You can use Microsoft Excel for creating a budget. It allows you to record each point of your budget in its own separate cell so that you can reference the information quickly. It also automatically performs calculations for you. If you have Excel on your computer, don't let it collect dust on your hard drive--put it to good use by setting up a budget worksheet.
Examine your blank worksheet to get familiar with the setup. The columns are labeled with letters and the rows are labeled with numbers. A cell is the intersection between a column and a row--the cell ID is the letter of the column combined with the number of the row (for instance, cell A4).
Label the columns of your budget worksheet first. Place your cursor in cell B3 to start. Enter "Expense," in B3, "Amount Monthly" in C3 and "Amount Weekly" in D3 (the last column is optional).
List the names of you and your partners' bills under the "Expense" column. For instance, "Electric," "Rent" and "Car Payments." Write in the estimated amount you have to pay for each bill every month next to the name of each bill.
Go to the "Amount Weekly" column (if you decided to add this column). Move your cursor to the first available cell under the "Amount Weekly Column" (should be cell D4 in this example). Type in the formula "=C4/4" (no quotes). This formula divides the monthly cost (cell C4) by four to calculate the weekly estimated cost automatically.
Click and hold the small square on the lower right-hand corner of cell D4. Drag your mouse down the column--this copies the formula to all of your other bills automatically.
Total all bills under the "Amount Monthly" and "Amount Weekly" columns. Simply enter "=Sum(" (no quotes) into the first available cell under "Amount Monthly" (let's say it's cell C18 in this example) after all your bill amounts. Click and drag your mouse down the "Amount Monthly" column, which selects all of your bills. Enter closed parentheses to close the formula and then click "Enter." Repeat this action for the "Amount Weekly" column.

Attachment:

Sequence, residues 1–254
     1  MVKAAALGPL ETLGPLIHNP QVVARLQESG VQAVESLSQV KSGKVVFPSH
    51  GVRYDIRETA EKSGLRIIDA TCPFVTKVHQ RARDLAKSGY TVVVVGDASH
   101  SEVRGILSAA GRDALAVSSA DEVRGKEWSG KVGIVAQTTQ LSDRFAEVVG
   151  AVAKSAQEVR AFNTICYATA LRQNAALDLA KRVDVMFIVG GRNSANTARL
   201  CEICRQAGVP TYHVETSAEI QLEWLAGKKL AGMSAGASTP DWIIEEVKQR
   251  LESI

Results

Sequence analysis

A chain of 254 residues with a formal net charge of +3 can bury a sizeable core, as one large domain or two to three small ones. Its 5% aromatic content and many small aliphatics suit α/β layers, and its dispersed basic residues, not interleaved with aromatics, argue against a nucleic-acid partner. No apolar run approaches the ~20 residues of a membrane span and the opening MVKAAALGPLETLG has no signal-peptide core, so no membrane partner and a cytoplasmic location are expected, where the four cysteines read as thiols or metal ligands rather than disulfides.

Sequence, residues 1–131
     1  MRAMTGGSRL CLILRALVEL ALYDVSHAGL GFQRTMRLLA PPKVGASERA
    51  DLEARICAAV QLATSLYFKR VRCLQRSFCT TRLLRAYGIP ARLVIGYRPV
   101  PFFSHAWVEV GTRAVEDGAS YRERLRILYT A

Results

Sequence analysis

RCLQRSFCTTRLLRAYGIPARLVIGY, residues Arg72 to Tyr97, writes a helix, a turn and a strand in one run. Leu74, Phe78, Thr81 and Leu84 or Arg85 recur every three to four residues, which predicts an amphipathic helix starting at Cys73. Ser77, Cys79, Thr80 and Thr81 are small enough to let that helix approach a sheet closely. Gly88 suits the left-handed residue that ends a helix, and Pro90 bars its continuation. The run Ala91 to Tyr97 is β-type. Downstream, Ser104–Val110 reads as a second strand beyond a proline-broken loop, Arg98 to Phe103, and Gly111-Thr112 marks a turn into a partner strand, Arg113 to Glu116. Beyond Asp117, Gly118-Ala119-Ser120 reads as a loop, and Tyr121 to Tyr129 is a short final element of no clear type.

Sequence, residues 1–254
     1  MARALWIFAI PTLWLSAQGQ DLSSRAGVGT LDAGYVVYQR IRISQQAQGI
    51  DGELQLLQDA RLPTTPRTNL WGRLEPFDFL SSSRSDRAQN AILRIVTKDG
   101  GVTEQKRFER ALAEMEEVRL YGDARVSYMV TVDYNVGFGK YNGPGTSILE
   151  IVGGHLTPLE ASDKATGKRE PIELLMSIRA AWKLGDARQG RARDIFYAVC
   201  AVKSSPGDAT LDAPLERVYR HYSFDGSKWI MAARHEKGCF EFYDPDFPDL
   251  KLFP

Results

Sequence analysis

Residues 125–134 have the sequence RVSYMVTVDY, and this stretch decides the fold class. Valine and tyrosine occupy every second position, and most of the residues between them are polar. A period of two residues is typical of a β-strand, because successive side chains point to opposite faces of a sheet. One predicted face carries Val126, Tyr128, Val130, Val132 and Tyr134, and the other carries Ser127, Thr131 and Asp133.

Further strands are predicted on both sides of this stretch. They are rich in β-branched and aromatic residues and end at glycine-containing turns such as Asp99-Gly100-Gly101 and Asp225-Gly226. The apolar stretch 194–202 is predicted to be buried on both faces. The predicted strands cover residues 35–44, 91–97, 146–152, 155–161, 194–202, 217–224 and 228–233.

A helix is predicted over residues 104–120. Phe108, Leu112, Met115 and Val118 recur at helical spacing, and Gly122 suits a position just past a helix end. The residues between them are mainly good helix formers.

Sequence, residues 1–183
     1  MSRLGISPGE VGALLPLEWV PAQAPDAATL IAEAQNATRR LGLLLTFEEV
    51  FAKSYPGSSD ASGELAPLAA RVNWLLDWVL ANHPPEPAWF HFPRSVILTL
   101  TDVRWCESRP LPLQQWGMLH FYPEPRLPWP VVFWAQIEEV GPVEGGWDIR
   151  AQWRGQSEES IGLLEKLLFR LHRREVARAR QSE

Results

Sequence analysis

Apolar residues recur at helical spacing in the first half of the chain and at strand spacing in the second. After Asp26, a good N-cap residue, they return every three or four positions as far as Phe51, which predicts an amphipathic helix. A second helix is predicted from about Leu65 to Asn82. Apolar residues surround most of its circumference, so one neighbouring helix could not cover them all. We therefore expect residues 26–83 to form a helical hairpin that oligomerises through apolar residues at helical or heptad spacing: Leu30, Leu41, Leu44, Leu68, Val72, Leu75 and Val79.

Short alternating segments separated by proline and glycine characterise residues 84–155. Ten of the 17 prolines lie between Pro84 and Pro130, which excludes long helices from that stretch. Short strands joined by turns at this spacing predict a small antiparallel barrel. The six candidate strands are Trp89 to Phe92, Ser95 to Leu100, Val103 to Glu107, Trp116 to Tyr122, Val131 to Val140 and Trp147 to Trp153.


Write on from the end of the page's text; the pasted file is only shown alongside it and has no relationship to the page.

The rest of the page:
Type "Monthly Pay" in an available cell next to your list of bills, such as cell G3. Go down to the next row (G4 in this case) and type in your combined monthly income (take-home pay). Go to cell H3 and type in "Weekly Pay" if you wish, then go down to cell H4 and type in the formula "=G4/4" (no quotation marks) which just divides the monthly pay by four.
Go down a few rows to cell G8. Enter the formula "=G4-C18" (no quotation marks), which just deducts your total bills (in cell C18) from your total monthly pay so that you can see how much money you have left over at the end of the month , if any. You can repeat this action for your weekly pay in cell H8 ("=H4-D18").
Analyze your worksheet and establish your budgeting goals based on the information. For instance, if you find that you have a deficit each month (listed in cell G8 in this example) you can then start making plans to either make more money or cut down on some of your bills.
Louise Balle has been writing Web articles since 2004, covering everything from business promotion to topics on beauty. Her work can be found on various websites. She has a small-business background and experience as a layout and graphics designer for Web and book projects.